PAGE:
Photos capture the historic glamour of the Waldorf Astoria before its renovation

Posted On Thu, March 28, 2019 By

Posted On Thu, March 28, 2019 By In Behind the Scenes, Features, History, Midtown East

To the dismay of many New Yorkers, the Waldorf Astoria closed its doors in 2017 for a huge renovation project that will ultimately create larger hotel rooms and add a new set of luxury condos. After the plans were announced, the Landmarks Preservation Commission designated the hotel’s first three floors as an interior landmark, meaning the new owners will need to preserve the 1931 Art Deco spaces. But after a four-year hiatus (the hotel will reopen in 2021) and a completely new vibe, it’s not clear if those interiors will have the same glamorous, old-school New York vibe that they were once famous for. Luckily, photographers James and Karla Murray captured the Waldorf in all its glory before it closed its doors. Ahead, take a tour of the old Waldorf, from its iconic, two-ton lobby clock to the three-tiered grand ballroom.

The Waldorf Astoria has been an exterior landmark since 1993

The Waldorf saga was not without drama; Chinese insurer Anbang bought the building in 2014 from the Hilton group (they will still serve as the operator) for $1.95 billion. Shortly thereafter, the company’s chairman, Wu Xiaohui, was indicted on fraud charges and the debt-ridden company was taken over by the Chinese government. And last year, the completion date was moved from 2020 to 2021. Nevertheless, construction is underway and all signs point to this reopening remaining as is.

Before closing, the 47-story building was configured as a 1,232-room hotel with the adjacent Waldorf Towers, a separate wing of 181 high-end hotel rooms and short-term rentals. The new plans call for approximately 375 luxury condos and 350 hotel rooms and suites, a drastic drop from the previous count. The plans also call for “restored public and event spaces for guests.”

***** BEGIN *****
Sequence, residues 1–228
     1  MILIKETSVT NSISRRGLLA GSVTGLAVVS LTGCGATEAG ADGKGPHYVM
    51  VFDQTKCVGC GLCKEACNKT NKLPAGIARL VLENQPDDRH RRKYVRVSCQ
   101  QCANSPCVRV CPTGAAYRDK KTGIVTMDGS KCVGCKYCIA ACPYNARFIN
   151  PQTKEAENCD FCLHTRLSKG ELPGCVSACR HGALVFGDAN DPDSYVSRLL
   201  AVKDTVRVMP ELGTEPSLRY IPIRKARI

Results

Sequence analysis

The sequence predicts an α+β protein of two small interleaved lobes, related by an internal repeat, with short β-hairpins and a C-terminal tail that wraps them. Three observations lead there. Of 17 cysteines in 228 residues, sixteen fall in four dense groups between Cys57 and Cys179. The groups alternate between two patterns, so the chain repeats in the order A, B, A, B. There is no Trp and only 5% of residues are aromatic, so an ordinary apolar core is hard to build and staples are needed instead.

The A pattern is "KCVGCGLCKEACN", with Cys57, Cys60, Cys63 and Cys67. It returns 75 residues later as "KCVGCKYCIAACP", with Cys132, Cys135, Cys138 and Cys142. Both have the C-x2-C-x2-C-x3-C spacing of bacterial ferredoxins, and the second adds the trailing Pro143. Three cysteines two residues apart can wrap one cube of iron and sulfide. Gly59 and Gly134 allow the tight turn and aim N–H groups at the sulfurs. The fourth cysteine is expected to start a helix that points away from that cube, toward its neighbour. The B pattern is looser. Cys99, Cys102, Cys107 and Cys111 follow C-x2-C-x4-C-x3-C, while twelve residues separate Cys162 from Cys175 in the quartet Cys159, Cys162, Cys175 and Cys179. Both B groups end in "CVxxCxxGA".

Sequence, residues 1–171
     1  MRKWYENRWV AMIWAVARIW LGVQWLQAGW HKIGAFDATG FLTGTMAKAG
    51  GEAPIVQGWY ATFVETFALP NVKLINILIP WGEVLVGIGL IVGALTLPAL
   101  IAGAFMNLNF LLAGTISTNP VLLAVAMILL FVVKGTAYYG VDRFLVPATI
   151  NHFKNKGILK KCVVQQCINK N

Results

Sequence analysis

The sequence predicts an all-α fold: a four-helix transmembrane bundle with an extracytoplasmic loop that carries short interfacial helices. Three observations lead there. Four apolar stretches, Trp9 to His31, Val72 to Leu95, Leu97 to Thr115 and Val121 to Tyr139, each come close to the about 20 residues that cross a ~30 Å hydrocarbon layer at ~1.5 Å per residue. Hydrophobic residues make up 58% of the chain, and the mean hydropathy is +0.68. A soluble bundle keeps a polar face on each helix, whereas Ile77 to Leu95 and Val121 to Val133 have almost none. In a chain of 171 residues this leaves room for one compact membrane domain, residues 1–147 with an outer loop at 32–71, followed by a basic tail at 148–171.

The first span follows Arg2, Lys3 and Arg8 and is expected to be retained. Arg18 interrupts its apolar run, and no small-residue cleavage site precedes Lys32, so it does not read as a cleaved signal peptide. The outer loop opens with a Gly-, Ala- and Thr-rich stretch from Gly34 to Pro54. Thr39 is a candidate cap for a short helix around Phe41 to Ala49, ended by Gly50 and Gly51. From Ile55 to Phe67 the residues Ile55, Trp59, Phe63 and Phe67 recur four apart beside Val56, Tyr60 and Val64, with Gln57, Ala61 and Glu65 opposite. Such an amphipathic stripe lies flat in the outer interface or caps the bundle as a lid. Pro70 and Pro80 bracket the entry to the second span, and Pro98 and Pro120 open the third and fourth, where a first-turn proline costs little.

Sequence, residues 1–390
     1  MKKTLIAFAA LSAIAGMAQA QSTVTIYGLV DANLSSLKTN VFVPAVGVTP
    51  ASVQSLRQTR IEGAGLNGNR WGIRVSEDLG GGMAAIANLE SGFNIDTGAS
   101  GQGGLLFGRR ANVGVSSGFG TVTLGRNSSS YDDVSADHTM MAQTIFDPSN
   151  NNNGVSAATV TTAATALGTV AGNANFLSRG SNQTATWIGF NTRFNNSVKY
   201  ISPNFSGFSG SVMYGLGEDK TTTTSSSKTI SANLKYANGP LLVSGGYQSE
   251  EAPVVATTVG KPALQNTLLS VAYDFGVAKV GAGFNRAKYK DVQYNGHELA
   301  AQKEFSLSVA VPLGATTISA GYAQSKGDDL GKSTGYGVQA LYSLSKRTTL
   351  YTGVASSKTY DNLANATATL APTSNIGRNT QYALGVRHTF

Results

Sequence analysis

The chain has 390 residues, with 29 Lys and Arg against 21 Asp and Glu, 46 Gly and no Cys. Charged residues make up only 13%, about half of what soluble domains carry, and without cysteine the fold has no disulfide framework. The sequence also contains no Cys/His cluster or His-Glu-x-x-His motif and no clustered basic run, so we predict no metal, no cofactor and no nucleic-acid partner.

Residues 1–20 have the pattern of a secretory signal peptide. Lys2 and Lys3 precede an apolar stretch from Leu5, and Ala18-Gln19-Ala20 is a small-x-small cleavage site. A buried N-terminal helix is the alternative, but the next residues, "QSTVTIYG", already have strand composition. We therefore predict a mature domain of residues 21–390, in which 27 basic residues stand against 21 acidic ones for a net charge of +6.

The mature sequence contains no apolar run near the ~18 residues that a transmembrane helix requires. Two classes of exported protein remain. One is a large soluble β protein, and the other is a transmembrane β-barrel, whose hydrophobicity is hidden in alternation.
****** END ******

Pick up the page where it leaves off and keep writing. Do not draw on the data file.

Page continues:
Noted firm Skidmore, Owings & Merrill (SOM) signed on as the architects of the renovation. When this was announced, SOM told the Wall Street Journal that they were “diving into architectural archives, researching photos and, in some cases, unearthing pieces stored for decades to plan a restoration of the landmark exteriors as well as the interior public spaces.” That said, take a tour of some of the Waldorf’s most celebrated spaces:

Guests came in through the main Park Avenue entrance into the foyer, which boasts 13 murals depicting classical men and women in pastoral settings and an elaborate floor mosaic, all by French artist Louis Rigal. Titled “Wheel of Life,” the mosaic is made up of 140,000 marble tiles and represents the six stages of life, from birth to death. It was produced in Long Island City by V.
Foscato Inc.

The main lobby features wood-paneled walls, black marble columns, nickel-bronze metal ornamentation, and gilded plaster ceiling reliefs that depict “swords, leaping gazelles, baskets of flowers and nude females, some holding masks,” according to the LPC.

The highlight of the lobby is the two-ton, bronze-and-mahogany clock. It was built by the Goldsmiths Company of London for Chicago’s 1893 World Columbia Exposition upon a commission from Queen Victoria to show the friendship between the U.S. and England. John Jacob Astor later purchased it for the original Waldorf Hotel. Its octagonal base is adorned with eight busts–Presidents Washington, Lincoln, Grant, Jackson, Harrison, Cleveland, along with Queen Victoria and Benjamin Franklin–and its four faces tell the time of New York, Paris, Greenwich, and Madrid.

The reception desk features the same black marble. SOM had said that their plan included “moving the reception desks south of the lobby and opening up three coves in the Grand Ballroom ceiling.” It’s not clear if this is part of the final plan.